Bone Health and Osteoporosis

Osteoporosis is a disease in which bones become fragile and more susceptible to breakage. It is a major concern for postmenopausal women. However, it can strike both men and women at any age. Ten million Americans suffer from the disease, and another 34 million are at risk of developing it. What can you do to keep your bones healthy and strong?

The National Osteoporosis Foundation recommends the following strategies for maintaining bone health:

1. Get your daily recommended amount of calcium. Calcium not only keeps bones strong, it is also responsible for regulating heartbeat, maintaining blood clotting, signaling hormone secretion, and controlling nerve impulses. The human body is not capable of producing calcium and loses it daily through sweat, urine, skin, nails, and hair.  Therefore, you must consume calcium through your diet. When you don’t get enough calcium, your body strips it from your bones in order to perform the necessary functions. Good sources of calcium include dairy products and broccoli and fortified vegetable juices or cereals.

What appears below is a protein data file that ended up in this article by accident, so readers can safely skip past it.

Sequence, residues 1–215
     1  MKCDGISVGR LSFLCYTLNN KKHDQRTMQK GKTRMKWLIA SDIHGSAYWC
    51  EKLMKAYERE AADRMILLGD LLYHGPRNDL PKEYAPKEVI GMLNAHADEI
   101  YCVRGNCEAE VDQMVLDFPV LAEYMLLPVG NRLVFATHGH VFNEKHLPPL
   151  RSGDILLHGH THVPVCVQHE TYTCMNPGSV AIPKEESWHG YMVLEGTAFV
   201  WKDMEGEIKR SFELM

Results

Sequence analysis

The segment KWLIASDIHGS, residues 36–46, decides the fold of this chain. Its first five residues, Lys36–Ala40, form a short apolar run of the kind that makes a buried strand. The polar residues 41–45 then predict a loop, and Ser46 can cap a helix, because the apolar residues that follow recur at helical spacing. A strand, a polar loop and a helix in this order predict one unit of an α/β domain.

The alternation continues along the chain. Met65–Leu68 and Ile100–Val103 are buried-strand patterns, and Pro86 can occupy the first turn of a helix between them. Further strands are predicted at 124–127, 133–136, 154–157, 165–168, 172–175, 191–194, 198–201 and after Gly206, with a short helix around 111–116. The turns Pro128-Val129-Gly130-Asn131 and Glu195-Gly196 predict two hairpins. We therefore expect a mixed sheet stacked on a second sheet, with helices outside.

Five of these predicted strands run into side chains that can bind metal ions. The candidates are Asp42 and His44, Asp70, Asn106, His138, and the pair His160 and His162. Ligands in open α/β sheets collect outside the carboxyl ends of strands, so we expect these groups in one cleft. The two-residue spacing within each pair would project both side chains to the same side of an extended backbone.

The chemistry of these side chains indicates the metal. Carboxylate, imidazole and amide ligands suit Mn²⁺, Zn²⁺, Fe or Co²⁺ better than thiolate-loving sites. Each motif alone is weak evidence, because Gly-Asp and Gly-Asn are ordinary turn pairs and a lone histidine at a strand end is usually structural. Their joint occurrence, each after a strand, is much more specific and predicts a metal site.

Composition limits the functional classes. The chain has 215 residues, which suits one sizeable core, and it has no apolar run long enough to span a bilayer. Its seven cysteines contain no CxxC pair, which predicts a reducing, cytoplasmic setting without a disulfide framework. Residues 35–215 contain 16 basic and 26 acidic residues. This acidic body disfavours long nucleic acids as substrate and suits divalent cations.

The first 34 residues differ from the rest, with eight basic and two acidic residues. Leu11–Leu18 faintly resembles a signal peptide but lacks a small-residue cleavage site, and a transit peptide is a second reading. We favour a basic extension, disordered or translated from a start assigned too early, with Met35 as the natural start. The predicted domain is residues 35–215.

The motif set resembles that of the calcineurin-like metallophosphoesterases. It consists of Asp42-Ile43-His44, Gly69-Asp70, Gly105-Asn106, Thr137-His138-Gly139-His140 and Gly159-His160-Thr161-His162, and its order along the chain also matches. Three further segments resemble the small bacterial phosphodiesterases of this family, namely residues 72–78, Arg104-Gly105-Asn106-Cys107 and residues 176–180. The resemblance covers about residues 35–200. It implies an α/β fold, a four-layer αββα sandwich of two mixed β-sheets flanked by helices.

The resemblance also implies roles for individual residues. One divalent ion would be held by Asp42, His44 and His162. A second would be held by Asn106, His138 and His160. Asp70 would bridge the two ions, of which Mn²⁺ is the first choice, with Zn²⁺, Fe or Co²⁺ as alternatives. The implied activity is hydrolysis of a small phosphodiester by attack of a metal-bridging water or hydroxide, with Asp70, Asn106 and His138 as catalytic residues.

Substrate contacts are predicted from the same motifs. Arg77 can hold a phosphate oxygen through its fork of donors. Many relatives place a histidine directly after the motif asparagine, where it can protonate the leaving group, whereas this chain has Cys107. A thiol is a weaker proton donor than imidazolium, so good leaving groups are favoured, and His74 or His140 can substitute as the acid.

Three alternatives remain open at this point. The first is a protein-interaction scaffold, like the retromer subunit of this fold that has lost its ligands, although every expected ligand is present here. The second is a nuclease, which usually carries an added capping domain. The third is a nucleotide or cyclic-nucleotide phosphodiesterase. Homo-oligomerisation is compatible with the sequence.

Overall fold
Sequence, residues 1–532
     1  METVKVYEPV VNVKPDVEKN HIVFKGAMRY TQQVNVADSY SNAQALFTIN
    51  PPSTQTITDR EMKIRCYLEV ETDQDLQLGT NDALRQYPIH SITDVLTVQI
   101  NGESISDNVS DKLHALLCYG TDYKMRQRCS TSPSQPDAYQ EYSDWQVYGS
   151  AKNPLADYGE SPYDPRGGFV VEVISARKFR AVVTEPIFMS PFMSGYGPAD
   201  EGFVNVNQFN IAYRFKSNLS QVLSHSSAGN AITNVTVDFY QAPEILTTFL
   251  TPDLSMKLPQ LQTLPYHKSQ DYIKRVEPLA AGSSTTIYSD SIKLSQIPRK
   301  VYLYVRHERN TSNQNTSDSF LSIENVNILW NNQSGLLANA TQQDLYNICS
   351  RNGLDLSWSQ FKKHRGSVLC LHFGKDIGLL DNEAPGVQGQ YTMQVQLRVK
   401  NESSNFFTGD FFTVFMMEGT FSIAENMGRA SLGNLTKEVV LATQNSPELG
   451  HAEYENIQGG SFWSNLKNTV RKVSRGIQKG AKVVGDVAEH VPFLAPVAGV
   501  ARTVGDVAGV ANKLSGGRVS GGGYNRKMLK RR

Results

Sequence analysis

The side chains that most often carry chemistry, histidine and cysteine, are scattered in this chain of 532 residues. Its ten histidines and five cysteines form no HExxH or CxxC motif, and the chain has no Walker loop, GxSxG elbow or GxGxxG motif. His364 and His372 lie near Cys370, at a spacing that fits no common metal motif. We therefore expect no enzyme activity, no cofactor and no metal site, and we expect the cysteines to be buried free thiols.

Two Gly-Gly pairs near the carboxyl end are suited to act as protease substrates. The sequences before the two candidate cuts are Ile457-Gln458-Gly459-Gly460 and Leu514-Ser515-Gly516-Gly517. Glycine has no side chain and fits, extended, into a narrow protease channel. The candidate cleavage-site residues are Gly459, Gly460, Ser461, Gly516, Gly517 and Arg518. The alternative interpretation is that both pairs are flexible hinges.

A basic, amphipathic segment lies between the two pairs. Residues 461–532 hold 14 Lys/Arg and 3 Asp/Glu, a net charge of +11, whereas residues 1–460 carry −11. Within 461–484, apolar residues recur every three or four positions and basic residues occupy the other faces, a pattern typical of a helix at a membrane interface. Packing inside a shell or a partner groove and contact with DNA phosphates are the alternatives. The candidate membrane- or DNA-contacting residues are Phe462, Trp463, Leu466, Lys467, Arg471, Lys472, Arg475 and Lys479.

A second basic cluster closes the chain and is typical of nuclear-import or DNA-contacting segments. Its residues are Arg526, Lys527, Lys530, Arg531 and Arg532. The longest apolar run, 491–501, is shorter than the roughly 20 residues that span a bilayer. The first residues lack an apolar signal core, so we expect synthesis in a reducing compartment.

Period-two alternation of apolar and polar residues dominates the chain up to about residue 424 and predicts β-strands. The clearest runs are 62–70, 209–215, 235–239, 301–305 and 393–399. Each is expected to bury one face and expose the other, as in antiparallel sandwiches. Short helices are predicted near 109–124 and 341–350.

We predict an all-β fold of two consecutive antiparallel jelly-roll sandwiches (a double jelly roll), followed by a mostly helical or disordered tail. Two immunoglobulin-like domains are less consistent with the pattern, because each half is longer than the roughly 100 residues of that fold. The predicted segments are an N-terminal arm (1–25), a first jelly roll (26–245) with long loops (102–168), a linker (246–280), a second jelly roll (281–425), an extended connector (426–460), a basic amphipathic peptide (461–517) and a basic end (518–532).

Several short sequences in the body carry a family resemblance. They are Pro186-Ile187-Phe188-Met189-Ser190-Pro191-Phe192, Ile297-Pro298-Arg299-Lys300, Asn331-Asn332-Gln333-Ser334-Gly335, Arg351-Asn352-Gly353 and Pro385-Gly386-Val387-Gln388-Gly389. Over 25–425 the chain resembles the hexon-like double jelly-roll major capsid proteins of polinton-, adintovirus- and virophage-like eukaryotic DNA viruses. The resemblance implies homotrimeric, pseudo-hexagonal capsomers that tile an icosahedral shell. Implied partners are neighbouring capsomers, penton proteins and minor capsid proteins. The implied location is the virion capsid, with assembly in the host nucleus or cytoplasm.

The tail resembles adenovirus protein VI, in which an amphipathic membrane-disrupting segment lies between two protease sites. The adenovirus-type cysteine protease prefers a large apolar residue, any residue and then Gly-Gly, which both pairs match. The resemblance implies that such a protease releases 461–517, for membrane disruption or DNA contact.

2. Get your daily recommended amount of vitamin D. Vitamin D is equally as important as calcium, since vitamin D allows calcium to be absorbed into the bloodstream. Ideally, you get vitamin D from direct exposure to sunlight. Since direct sun exposure can be affected by many different variables, it is also important to get vitamin D from fortified dairy products, egg yolks, and saltwater fish. If you are buying supplements, buy calcium pills with vitamin D.

3. Participate in regular weight-bearing and resistance exercises. Like muscle, bone becomes stronger the more you work it. Weight-bearing and resistance exercises are the most important activities for building bone mass. Weight-bearing exercises are those in which you work against gravity (jogging, walking, climbing stairs). Resistance exercises involve lifting weights. To maximize results, do both types of exercises on a daily basis.

4. Avoid smoking and alcohol. These lifestyle choices put you at a greater risk of developing osteoporosis.

5. Talk to your doctor about bone health. Your doctor may recommend frequent bone density tests to check for signs of bone deterioration. In some cases your doctor may prescribe medication if it is deemed necessary.

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